“We might have petered out anyway but that was a real kind of angry activist split in my life where I felt like these people, who had said to us: ‘Our mission is to turn you into our successors and we recognise that young people have the capacity to do anything in the world,’ had then said: ‘Actually, that was just bullshit. Young people can’t really do anything, you know. Young people are just kids. You guys are just kids.’” * * * Bound up in the lifted copies of the Whole Earth Catalog, Cory took his techno-Utopianism with him when he left Grindstone. But it didn’t always go down well in eighties Canada. “Being a technology fan among lefties of that era means that you were kind of a pariah,” he explains, “Techno-Utopianism was not widely understood and technology was seen as, well… I was out there protesting cruise missile guidance systems, but the internet came from [the US military research agency] DARPA.” Nonetheless, Cory spent his late teens and early twenties working with activists and other non-profit organisations, attempting to switch them on to the potential of the new networked communications space.
Terms of Service: Social Media and the Price of Constant Connection by Jacob Silverman
23andMe, 4chan, A Declaration of the Independence of Cyberspace, Airbnb, airport security, Amazon Mechanical Turk, augmented reality, Brian Krebs, California gold rush, call centre, cloud computing, cognitive dissonance, correlation does not imply causation, Credit Default Swap, crowdsourcing, don't be evil, Edward Snowden, feminist movement, Filter Bubble, Firefox, Flash crash, game design, global village, Google Chrome, Google Glasses, hive mind, income inequality, informal economy, information retrieval, Internet of things, Jaron Lanier, jimmy wales, Kevin Kelly, Kickstarter, knowledge economy, knowledge worker, late capitalism, license plate recognition, life extension, Lyft, Mark Zuckerberg, Mars Rover, Marshall McLuhan, meta analysis, meta-analysis, Minecraft, move fast and break things, national security letter, Network effects, new economy, Nicholas Carr, Occupy movement, optical character recognition, payday loans, Peter Thiel, postindustrial economy, prediction markets, pre–internet, price discrimination, price stability, profit motive, quantitative hedge fund, race to the bottom, Ray Kurzweil, recommendation engine, rent control, RFID, ride hailing / ride sharing, self-driving car, sentiment analysis, shareholder value, sharing economy, Silicon Valley, Silicon Valley ideology, Snapchat, social graph, social web, sorting algorithm, Steve Ballmer, Steve Jobs, Steven Levy, TaskRabbit, technoutopianism, telemarketer, transportation-network company, Turing test, Uber and Lyft, Uber for X, universal basic income, unpaid internship, women in the workforce, Y Combinator, Zipcar
It’s also a response to cyber-libertarianism, the reigning industry philosophy, which holds that large corporations, freed from the shackles of government regulation, claim to know what’s best for us and that digital life is inherently emancipatory. (Mostly, we’re only surrendering ourselves, in the form of data and personal autonomy, to oligarchic platform owners, who sell us to advertisers, data brokers, and intelligence agencies.) Popular tech writing tends to fluctuate between the two poles of Luddite rejection and unvarnished techno-utopianism. The former is generally considered far less respectable and easily stigmatized. As Richard Byrne wrote in The Baffler, “In the straitened and highly ritualized discourse of tech boosterism, ‘Luddite’ has become a catchall dirty word for anything that stands in its way.” Byrne’s smart essay about the history of Luddism offered a necessary revisionist take, showing how it really began as a labor movement concerned with workers’ rights and how automation would deprive skilled workers of their livelihoods.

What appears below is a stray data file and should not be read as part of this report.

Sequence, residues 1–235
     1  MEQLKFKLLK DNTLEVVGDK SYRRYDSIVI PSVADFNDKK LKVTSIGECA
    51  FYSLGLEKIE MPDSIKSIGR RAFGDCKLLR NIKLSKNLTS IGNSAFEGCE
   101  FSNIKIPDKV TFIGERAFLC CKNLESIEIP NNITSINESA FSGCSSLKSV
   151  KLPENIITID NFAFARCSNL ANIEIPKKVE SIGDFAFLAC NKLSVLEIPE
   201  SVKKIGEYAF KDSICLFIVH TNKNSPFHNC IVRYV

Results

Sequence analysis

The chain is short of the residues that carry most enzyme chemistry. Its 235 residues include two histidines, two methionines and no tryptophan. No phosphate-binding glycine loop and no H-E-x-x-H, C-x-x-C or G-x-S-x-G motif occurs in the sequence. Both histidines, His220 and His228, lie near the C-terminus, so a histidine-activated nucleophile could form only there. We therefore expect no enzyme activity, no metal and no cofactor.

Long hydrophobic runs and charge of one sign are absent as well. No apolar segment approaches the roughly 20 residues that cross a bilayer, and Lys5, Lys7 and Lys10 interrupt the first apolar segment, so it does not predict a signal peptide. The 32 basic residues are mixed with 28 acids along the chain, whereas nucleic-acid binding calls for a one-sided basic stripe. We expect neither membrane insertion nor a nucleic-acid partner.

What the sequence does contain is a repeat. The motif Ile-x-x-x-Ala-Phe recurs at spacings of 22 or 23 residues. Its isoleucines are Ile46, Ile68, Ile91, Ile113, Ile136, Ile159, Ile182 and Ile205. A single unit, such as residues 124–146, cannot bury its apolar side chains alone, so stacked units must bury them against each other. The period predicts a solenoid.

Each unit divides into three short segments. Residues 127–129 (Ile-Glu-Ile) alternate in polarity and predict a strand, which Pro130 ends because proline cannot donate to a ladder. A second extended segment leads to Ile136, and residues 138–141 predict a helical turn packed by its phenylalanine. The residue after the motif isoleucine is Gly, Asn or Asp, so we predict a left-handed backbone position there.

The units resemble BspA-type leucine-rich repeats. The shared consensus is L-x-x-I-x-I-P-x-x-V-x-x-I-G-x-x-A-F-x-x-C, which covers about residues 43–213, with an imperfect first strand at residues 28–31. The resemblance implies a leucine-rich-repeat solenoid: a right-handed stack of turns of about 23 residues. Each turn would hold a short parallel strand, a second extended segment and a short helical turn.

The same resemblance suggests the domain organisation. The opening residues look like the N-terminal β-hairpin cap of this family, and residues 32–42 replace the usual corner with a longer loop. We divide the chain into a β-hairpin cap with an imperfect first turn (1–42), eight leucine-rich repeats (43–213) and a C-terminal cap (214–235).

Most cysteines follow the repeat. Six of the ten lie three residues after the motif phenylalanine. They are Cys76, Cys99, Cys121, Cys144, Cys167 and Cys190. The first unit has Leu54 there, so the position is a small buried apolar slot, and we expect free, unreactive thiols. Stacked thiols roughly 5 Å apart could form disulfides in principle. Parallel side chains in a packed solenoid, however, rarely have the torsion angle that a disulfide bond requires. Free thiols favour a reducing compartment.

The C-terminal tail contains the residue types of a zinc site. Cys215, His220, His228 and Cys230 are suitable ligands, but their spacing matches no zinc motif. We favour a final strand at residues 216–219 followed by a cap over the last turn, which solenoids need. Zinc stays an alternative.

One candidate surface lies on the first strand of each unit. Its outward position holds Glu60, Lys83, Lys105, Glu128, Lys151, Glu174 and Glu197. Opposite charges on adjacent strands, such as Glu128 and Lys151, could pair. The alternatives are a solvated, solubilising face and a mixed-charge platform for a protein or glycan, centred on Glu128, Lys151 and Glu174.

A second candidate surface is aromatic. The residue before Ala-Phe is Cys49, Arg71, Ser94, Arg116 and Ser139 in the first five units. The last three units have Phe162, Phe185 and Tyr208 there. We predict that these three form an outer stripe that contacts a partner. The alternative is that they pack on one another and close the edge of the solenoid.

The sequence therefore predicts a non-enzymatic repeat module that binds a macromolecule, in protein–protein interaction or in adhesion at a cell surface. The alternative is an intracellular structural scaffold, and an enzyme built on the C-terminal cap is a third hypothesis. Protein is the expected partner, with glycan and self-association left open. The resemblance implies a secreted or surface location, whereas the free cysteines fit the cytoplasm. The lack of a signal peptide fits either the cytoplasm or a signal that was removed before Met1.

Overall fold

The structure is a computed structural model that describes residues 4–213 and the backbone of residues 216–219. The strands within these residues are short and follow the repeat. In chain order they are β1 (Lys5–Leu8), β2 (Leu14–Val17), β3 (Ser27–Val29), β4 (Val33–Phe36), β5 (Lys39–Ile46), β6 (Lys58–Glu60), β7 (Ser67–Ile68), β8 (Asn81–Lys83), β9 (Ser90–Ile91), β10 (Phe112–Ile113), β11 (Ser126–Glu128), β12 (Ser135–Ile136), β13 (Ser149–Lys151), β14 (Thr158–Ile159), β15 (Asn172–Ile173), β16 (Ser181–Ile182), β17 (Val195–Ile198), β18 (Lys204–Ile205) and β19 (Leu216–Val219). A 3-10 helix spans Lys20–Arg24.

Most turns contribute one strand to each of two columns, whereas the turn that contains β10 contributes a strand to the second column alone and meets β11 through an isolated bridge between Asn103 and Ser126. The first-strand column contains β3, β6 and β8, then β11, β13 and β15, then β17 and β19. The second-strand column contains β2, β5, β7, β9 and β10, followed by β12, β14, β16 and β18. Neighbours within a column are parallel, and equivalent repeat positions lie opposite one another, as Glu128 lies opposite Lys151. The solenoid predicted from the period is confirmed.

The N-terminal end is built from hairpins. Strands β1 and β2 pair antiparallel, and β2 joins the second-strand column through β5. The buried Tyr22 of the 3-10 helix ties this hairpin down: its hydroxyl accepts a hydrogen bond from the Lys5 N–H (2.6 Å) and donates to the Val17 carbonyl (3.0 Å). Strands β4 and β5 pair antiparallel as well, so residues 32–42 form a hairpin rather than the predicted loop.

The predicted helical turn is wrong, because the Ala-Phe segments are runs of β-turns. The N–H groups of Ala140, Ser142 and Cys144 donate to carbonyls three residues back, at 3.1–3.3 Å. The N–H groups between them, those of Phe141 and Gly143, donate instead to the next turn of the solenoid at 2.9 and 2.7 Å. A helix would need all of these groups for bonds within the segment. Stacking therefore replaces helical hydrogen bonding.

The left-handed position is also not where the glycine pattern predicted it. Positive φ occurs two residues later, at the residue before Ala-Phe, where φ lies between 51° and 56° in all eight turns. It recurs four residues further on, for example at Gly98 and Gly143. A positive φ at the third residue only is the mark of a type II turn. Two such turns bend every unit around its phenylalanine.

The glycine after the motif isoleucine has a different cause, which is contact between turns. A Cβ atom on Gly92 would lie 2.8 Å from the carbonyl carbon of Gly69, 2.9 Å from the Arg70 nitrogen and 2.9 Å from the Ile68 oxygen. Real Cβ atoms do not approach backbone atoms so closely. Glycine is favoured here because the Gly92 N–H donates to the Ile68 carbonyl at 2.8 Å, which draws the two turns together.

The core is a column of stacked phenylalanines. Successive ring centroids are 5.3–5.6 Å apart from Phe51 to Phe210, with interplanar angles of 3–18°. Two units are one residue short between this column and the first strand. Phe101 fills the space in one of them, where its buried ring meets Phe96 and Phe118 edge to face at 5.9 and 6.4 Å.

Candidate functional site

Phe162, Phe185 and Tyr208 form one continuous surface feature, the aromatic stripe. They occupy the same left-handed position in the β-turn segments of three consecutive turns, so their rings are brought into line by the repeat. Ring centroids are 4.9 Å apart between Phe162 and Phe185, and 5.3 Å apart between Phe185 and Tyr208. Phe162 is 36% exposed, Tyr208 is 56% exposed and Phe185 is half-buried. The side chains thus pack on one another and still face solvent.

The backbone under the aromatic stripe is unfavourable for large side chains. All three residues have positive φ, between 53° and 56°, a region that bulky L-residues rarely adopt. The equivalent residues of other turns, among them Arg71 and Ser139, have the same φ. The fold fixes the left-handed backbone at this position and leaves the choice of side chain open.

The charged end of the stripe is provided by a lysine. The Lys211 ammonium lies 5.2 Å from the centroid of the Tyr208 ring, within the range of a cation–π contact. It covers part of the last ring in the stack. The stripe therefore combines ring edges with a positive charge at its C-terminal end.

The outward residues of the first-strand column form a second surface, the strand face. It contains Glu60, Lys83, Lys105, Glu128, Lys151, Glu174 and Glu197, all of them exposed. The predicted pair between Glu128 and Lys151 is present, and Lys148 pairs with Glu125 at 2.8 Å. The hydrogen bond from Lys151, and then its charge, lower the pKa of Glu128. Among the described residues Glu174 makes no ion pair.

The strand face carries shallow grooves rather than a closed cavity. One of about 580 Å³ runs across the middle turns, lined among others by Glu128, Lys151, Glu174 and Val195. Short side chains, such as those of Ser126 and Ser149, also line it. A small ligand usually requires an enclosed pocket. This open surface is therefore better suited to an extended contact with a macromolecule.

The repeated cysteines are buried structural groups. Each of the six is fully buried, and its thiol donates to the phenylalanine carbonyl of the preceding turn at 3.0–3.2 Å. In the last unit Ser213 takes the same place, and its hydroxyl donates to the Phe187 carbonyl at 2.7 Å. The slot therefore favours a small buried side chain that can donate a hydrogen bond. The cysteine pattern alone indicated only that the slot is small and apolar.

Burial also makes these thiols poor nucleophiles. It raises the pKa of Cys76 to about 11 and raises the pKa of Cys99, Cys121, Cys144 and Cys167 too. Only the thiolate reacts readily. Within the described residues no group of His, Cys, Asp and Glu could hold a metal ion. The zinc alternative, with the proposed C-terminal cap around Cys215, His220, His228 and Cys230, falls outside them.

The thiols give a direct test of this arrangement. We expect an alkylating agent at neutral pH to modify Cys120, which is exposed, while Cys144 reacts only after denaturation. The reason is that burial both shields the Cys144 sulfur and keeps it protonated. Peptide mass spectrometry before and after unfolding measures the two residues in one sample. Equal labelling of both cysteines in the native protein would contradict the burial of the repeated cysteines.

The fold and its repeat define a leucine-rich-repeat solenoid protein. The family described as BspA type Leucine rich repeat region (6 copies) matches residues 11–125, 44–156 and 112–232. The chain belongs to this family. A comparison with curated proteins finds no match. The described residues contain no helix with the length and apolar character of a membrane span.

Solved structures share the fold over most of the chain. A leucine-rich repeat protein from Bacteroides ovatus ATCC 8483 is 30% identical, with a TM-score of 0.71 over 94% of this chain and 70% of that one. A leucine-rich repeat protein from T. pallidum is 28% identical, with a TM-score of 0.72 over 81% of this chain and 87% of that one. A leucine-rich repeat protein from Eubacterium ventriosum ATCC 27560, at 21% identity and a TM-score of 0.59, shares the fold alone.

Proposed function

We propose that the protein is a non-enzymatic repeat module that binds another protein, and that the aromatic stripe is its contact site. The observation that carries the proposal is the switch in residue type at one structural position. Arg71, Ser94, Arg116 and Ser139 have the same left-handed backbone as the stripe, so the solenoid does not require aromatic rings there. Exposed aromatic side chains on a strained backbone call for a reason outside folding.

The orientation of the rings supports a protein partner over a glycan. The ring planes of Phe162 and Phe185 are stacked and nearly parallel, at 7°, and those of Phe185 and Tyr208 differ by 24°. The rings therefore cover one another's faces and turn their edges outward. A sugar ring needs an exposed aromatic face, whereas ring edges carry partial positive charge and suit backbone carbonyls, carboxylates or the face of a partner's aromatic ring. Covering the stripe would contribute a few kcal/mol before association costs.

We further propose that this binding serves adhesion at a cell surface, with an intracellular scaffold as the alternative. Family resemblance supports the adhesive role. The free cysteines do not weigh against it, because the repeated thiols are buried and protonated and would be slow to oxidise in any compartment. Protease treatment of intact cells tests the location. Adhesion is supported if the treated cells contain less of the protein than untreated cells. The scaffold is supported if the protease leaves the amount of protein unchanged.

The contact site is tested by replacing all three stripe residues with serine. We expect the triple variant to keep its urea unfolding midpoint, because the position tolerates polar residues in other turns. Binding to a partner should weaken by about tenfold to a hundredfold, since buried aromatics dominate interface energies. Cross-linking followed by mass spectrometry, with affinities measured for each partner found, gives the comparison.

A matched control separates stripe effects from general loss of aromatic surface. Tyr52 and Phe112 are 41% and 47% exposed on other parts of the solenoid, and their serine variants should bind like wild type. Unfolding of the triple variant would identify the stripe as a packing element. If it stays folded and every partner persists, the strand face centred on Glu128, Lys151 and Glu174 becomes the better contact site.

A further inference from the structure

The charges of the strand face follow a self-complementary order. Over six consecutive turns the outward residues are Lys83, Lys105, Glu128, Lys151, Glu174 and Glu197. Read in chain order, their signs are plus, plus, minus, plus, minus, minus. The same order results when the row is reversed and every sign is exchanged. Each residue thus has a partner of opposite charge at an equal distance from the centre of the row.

Byrne’s smart essay about the history of Luddism offered a necessary revisionist take, showing how it really began as a labor movement concerned with workers’ rights and how automation would deprive skilled workers of their livelihoods. In other words, it’s a surprisingly contemporary, flexible belief system, not the rigid extremism of the Unabomber. But even if this book is fated to be categorized as the work of a digital skeptic or neo-Luddite, I would argue in return that such perspectives are needed. Techno-utopians have plenty of allies—in business, in government, in media, in every celebrity with a million hard-earned followers or the fanboys who wait in line to buy a new Apple product on the day it drops. If there is actually some recurrent dialectic between technological skepticism and utopianism that we are locked into as a culture, then all the better that the people belonging to the former should be able to launch volleys such as this one.
In reality, the old powers still have standing in this world; they have the money and the guns. Their influence remains formidable and won’t be pushed aside by a popular hashtag. As the scholar Trebor Scholz notes, “The essence of technology is not solely technological.” Technology cannot be looked at outside of its relationship to politics, sociology, economics, or culture. Nor is technology something neutral, just a tool that can be put toward good or bad uses, as so many techno-utopians are fond of claiming. Digital technologies have certain capacities built into them, though some of them, as the U.S. military might say, are dual use. The GPS chip in a smartphone can help you find a local restaurant; it can also be used to track all of your movements. Other digital technologies are more obviously beneficent or pernicious. E-mail is mostly a useful, private communication tool—or it was private, until Gmail and the National Security Agency (NSA) got their hands on it.